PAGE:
People already believe headlines from fake websites with no evidence backing their story. Suddenly, fake stories will have “evidence” showing politicians confessing to wrongdoings or making outrageous statements.
On the other hand, deepfakes could also embolden politicians when dodging accountability. They could always easily claim that an audio or video recording is actually a deepfake.
How Are We Fighting Deepfakes?
While many tech companies are taking their time to reign in deepfakes, a variety of people are developing tools to combat malicious fake videos. AI can fight hackers and cybercrime, but it’s also useful for detecting AI tampering in videos.
The AI Foundation created a browser plugin called Reality Defender to help detect deepfake content online. Another plugin, SurfSafe, also performs similar checks. Both these tools aim to help internet users discern fact from fiction.
Fact-checking websites like Snopes also expanded to calling out doctored videos. But they don’t yet have the tools to automatically detect deepfakes.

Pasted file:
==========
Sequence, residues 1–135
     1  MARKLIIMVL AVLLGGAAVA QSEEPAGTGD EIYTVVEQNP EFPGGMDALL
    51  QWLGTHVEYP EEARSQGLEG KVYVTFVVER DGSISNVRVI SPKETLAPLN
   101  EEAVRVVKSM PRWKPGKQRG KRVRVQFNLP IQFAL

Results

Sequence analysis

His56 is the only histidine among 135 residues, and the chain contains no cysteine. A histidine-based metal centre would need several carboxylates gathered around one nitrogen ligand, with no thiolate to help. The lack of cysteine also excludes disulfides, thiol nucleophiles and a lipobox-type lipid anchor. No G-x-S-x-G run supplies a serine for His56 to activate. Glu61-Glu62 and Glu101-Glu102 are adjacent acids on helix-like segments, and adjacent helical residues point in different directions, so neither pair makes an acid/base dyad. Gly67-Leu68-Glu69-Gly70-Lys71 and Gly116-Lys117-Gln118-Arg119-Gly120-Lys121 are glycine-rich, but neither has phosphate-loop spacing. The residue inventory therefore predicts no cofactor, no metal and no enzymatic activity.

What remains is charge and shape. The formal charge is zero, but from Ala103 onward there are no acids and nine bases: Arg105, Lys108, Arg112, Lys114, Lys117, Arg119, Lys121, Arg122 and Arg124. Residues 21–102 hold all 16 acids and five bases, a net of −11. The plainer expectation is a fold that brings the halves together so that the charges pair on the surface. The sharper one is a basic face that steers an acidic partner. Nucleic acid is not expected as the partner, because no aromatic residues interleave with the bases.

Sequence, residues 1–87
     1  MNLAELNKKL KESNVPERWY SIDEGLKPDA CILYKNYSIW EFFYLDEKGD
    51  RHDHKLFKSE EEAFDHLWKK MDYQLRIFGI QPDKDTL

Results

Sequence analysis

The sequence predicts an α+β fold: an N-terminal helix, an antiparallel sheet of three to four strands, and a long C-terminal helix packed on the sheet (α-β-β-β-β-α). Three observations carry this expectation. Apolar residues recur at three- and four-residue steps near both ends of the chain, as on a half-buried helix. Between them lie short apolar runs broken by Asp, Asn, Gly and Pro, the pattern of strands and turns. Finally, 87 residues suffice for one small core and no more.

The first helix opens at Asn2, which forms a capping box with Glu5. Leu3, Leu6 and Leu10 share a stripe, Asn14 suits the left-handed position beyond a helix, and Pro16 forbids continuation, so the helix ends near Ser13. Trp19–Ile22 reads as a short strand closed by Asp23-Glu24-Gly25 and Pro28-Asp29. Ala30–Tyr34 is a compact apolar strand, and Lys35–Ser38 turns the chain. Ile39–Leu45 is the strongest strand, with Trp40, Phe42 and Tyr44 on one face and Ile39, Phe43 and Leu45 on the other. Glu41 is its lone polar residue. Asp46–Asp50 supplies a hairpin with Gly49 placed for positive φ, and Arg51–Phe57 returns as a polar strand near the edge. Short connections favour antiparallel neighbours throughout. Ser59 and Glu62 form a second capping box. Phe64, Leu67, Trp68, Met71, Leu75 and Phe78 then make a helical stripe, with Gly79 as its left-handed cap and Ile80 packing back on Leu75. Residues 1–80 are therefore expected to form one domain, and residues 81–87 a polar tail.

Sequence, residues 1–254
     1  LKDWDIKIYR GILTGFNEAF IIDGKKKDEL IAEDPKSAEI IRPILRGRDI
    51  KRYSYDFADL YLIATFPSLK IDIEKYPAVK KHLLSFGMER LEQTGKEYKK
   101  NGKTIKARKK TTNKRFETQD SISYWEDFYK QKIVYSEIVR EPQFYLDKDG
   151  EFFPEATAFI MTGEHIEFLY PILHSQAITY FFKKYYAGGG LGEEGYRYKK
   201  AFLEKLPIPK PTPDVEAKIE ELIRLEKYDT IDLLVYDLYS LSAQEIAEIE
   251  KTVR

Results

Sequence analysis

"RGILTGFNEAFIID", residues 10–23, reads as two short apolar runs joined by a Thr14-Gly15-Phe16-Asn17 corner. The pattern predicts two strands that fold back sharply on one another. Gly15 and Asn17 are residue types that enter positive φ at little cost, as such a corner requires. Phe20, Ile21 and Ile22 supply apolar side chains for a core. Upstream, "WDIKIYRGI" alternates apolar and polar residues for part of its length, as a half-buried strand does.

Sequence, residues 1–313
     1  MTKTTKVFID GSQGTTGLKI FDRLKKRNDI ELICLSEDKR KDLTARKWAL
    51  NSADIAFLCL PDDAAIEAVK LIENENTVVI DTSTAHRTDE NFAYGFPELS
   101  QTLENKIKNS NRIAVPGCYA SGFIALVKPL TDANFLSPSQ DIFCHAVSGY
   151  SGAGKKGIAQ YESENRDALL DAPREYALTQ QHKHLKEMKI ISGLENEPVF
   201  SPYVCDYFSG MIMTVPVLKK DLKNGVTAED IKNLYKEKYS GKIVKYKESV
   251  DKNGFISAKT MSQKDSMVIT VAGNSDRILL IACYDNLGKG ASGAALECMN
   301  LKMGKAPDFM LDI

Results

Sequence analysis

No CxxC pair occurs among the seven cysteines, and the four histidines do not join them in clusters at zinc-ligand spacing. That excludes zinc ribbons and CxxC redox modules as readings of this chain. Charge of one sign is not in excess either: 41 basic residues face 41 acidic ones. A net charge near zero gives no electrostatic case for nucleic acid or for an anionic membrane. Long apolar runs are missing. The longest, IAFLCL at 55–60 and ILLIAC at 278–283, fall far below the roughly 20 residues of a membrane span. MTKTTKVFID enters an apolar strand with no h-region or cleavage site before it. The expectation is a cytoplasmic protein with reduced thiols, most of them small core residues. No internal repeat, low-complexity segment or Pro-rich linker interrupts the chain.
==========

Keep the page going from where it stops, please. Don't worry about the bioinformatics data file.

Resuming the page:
Even the US Department of Defense invested in software to detect deepfakes. After all, what would happen if a convincing video of a world leader appeared online, declaring war or a missile launch against another country? Governments need tools to quickly verify the legitimacy of a video.
Machine Learning’s Unintended Consequences
There’s no doubt that AI technology and deep machine learning improve our lives in many ways. But the technology also has unintended consequences.
While bad data is a major hindrance to machine learning algorithms, the human element also plays a role. It’s difficult to predict how people may use certain technology for malicious purposes. You can find out more about machine learning and past mistakes in our guide to machine learning algorithms and why they go wrong.